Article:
The fence is officially opened (or shut as the case may be) but the
hard slog is by no means over.
While the fence was finished early in July
it is surprising how much tidying up was still left to be done. Arnie
Thompson and Maurice Ngatai continued working up till 8th August
spreading grass seed and laying manuka and kanuka slash onto the fence
platform to prevent erosion. They also built retaining walls and
backfilled where the tractor had fallen off the edge below 3 Kings on
the Orama side and along the flat at Glenfern.
The Electronic Surveillance System has
been installed and is operational. For the time being it is being
monitored by Colin Hercus in Cambridge. The fenceline is divided into 2
sectors to enable easy detection of problems if they occur.
If anything falls on the electric wire it
sets off an alarm that sends a text message to a dedicated mobile
locating where the short has occurred. If a vehicle or pedestrian gate
is left open a text message will advise which one it is. Likewise if the
gate in the stream culvert is jammed open with debris after a storm
event. The advantage of this remote surveillance system is that we will
only have to do manual checks on the fence once a week as against once a
We have made an adjustment to the stream
culvert to allow banded kokopu to be able to swim upstream. This takes
the form of a rubber mat in the base of the culvert extending into the
pool downstream. It provides a rough surface for the kokopu to climb.
An Open Day was held on November 1st to
celebrate the completion of the fence and show a film “Fencing the
Kotuku Peninsula Sanctuary”. The film was professionally compiled and
covers all stages of fence construction and incorporates the aerial bait
drop on Kaikoura. About 50 people attended the event at the Port FitzRoy
Boat Club. After a light lunch everyone walked down to the vehicle gate
in the fence for a further explanation of the system and were then taken
on a guided walk through Glenfern Sanctuary.
Planning is now under way for the next
stage of the project which is the eradication of animal pests (rodents,
rabbits and feral cats). To date half of the $200,000 required has been
granted by Lotteries Environment and Heritage Fund.
Eradication planning requires considerable
preparation and builds on the experience learned from other
multi-species eradication projects behind pest-proof fences including
Maungatautari Ecological Island (Waikato) and the Rotokare Sanctuary in
Taranaki. It will take around 6 months to complete the planning
documents which include an Eradication Operation Plan (EOP), Biosecurity
Plan and Resource Consent applications. An Eradication Advisory Team led
by Jo Ritchie from Natural Logic Environmental Management will provide
specialist advice for the project.
Because eradication involves getting rid of every animal pest (as
opposed to control where animals are managed to low numbers) we have had
to take into account all factors which may influence the success of the
One example is the areas of rank kikuyu
grass outside the paddock areas. Experience from other similar projects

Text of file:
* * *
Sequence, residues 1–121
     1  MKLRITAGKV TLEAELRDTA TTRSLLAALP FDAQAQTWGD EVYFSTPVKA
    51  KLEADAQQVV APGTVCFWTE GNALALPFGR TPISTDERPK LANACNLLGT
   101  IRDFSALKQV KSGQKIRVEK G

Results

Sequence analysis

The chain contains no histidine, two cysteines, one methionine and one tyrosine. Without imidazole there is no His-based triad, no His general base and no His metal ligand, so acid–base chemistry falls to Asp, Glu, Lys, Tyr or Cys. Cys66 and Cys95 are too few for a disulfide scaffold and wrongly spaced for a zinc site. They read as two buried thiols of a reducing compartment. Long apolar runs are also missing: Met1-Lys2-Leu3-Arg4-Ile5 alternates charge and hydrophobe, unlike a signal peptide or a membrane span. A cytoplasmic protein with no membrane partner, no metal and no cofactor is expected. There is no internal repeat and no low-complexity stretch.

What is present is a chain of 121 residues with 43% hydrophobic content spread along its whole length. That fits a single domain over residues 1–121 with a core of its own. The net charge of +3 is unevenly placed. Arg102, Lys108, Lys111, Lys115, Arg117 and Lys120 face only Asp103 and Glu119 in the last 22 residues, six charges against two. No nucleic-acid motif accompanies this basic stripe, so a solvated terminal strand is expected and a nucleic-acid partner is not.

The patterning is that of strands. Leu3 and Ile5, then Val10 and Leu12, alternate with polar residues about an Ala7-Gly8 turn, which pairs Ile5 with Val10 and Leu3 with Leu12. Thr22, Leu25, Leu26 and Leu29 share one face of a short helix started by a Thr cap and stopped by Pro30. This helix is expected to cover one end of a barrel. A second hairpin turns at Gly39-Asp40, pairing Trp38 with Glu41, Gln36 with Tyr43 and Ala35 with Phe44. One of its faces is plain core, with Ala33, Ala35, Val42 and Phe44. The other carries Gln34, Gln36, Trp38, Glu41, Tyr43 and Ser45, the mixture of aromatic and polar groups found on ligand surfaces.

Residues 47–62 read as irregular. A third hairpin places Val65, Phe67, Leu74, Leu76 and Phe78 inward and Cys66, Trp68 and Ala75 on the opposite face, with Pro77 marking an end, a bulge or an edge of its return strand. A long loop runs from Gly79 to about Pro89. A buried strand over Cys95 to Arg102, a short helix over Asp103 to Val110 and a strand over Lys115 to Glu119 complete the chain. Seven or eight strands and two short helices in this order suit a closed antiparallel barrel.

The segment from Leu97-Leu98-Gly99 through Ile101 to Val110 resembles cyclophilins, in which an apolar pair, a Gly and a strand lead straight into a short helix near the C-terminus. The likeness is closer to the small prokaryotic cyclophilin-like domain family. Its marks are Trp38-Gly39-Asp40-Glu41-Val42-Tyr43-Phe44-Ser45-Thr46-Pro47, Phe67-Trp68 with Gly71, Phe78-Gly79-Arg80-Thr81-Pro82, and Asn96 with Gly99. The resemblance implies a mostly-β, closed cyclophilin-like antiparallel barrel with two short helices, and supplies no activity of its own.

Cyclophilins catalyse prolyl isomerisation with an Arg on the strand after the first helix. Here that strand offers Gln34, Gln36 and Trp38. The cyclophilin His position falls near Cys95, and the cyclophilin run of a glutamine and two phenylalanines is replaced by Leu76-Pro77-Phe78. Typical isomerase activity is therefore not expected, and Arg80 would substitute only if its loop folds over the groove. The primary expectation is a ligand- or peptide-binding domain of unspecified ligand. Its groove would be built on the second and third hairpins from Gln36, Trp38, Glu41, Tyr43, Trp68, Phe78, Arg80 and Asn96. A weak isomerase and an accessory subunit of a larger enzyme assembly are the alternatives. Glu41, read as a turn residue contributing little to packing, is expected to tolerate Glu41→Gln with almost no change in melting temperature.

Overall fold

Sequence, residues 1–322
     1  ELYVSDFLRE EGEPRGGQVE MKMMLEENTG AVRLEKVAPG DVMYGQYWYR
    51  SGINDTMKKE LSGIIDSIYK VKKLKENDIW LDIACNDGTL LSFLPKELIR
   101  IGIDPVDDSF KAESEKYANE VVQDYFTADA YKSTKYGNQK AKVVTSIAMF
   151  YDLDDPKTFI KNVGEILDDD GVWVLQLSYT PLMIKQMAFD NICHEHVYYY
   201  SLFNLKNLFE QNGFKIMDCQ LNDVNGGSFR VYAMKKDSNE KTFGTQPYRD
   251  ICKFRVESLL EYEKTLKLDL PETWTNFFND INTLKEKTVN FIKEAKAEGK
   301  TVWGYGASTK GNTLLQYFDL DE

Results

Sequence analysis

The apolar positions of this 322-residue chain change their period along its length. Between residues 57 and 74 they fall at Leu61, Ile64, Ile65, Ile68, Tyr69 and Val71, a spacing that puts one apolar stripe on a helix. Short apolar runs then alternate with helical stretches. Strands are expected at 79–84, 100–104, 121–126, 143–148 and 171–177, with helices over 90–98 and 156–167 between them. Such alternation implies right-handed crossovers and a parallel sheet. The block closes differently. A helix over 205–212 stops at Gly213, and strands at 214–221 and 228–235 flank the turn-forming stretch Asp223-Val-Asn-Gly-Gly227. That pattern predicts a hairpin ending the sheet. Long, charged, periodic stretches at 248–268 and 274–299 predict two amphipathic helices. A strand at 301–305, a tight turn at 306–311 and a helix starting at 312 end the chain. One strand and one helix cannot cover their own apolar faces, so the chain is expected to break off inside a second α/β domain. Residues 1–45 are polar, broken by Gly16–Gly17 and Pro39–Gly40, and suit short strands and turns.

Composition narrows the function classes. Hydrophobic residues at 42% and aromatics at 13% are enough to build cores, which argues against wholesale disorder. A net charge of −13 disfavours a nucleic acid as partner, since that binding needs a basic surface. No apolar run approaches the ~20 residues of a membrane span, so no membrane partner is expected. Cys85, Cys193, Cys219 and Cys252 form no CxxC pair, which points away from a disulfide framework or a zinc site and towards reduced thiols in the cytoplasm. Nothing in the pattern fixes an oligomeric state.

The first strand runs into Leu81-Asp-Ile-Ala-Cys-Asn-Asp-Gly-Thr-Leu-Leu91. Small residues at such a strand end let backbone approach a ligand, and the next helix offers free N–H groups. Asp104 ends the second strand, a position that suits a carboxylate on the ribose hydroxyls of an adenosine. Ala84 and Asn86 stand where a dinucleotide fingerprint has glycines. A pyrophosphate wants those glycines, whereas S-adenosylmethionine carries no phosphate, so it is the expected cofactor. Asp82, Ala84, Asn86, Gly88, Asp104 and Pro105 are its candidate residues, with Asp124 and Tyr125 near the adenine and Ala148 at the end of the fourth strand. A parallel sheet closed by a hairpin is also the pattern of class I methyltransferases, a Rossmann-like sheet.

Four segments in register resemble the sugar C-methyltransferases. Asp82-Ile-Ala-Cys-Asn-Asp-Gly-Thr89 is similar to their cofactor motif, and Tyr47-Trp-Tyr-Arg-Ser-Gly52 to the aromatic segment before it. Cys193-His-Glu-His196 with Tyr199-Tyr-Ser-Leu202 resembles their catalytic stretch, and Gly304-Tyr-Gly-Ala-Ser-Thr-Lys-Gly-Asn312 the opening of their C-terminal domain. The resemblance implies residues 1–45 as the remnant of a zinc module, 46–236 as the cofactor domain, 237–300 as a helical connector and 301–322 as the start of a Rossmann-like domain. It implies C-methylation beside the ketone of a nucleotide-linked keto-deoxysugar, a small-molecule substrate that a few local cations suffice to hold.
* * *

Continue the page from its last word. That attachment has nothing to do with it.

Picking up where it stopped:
(e.g. Tawharanui) is that long rank grass may prevent bait from getting
down into some mouse habitat. So we need to cut back, spray or get our
kikuyu eaten down to remove hiding spaces for rodents.
A key component of the project is having a
system in place to locate any pests which may survive the aerial baiting
operation. Envirokiwi have just completed cutting tracking tunnel tracks
throughout the peninsula to enlarge the grid of bait station lines to
50m x 50m spacing. Approximately 1100 tracking tunnels will then be
installed on this grid. They will act as the primary measure to detect
After the aerial drops have been completed
in winter 2009, these tunnels will be monitored every 3 weeks (for at
least 6 months) until no survivors are located. If none are found after
6 months the monitoring will be reduced to once every one to three
months for 2 years. The monitoring programme will require 10 volunteers
for 6 day stints to complete each run.
Cat and rabbit survivors are not as easily
monitored with tracking tunnels (as they are generally too big to fit
inside!) and will instead be monitored through a combination of field
sign and strategically placed traps. Specially trained pest detection
dogs will also be used for all 3 species. A rabbit density survey will
be undertaken this summer to provide baseline population data to measure
the success of the eradication against.
Because the fence has open ends to the sea
it is important to have a system in place that both detects and catches
pests that may try to get around the fence ends. Ideally we want to
catch the pests before they get to the ends. This is called ‘Buffer
Control’. Bait stations and traps still have to be located in the buffer
zones outside the fence ends and along the Port FitzRoy and Karaka Bay
The coastline of the sanctuary also has a
number of locations where boats moor and/or where people come ashore. An
education programme which includes signage at key locations will let
people know about the sanctuary and what they can do to help, e.g. check
gear for signs of rodents, not run mooring lines ashore etc.
The Glenfern Sanctuary Supporters Club now
has 184 GBI members. If you would like to know more about the project or
are interested in joining Glenfern Sanctuary Supporters Club or
volunteering please contact Tony Bouzaid at firstname.lastname@example.org or 09